Education of the Intellectually Gifted

Education of the Intellectually Gifted

Education of the Intellectually Gifted

Education of the Intellectually Gifted

Excerpt

Two major social concerns of recent years have placed in sharp focus the quality of school efforts to identify and develop the high potential of gifted students. One of these is the sharpened sense of challenge from the Soviet Union, arising primarily from its scientific success in atomic and space technology. The other is an awakened national conscience disturbed by the failure of an affluent society to root out poverty and ignorance. With respect to scientific competition with Russia, schools are asked whether they are discovering all students of intellectual promise and whether they are stimulating them to adequate performance. As regards underprivileged segments of the population, schools must answer whether they are identifying talent that is hidden by the effects of poverty, and whether schools are compensating through their programs for these effects.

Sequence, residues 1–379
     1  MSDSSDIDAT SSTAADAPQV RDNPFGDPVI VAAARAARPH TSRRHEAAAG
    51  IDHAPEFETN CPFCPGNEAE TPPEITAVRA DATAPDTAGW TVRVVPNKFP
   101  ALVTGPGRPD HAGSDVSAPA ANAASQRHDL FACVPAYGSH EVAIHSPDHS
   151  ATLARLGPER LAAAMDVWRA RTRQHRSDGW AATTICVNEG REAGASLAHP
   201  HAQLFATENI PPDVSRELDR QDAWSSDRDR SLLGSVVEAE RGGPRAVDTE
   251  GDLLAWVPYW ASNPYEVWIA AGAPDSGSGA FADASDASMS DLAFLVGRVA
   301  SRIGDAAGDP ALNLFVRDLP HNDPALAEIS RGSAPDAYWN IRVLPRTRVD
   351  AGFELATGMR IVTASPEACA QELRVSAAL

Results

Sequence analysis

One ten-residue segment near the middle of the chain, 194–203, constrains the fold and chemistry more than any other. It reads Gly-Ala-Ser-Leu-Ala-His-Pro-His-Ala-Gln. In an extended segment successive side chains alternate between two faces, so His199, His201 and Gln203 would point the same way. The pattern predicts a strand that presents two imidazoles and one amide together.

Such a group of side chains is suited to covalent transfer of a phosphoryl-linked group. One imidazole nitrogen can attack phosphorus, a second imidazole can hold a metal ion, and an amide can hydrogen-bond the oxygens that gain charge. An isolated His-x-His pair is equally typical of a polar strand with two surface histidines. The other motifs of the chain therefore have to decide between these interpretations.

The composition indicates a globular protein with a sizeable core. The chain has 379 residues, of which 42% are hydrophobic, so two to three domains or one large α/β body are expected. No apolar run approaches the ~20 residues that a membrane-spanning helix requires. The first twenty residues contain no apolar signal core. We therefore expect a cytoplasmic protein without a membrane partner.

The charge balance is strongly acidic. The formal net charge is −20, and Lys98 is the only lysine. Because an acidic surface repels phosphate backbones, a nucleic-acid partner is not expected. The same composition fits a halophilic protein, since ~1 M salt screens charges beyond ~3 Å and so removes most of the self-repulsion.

The tasks of developing talent and providing opportunity for the disadvantaged are not new assignments for the schools. The urgency of present needs places new emphasis on these long-established functions. As never before, schools must look about them to define new requirements, to formulate new plans, and to set in motion new programs.

Since 1950, a wealth of reports has accumulated in areas such as creativity, motivation and achievement, guidance of the gifted, the potential of underprivileged groups, characteristics of the gifted, application of new teaching methods, and employment of new curricula in the schools. Much of this research is still fragmentary and suggestive rather than conclusive, or on too small a scale to warrant definitive conclusions. However, so much has been reported that it is time to try to relate theoretical research and demonstration of practices in actual situations to problems in education of the gifted. New problems are not solved by applying old formulae which were discarded because they did not work in the past. An enhanced education of the gifted depends upon fresh perspectives tested in a crucible of objective research.

A large number of studies have been called upon in preparation of this volume. Space does not permit full discussion of many of these projects, but the writer hopes that brief descriptions will, in many cases, whet the reader's appetite for fascinating encounters with much of the primary source material. Acknowledgment is due here to the many authors whose work is cited throughout this book.

Special acknowledgment is also due to many of the author's colleagues in the past and in the present who have helped him cultivate a . . .

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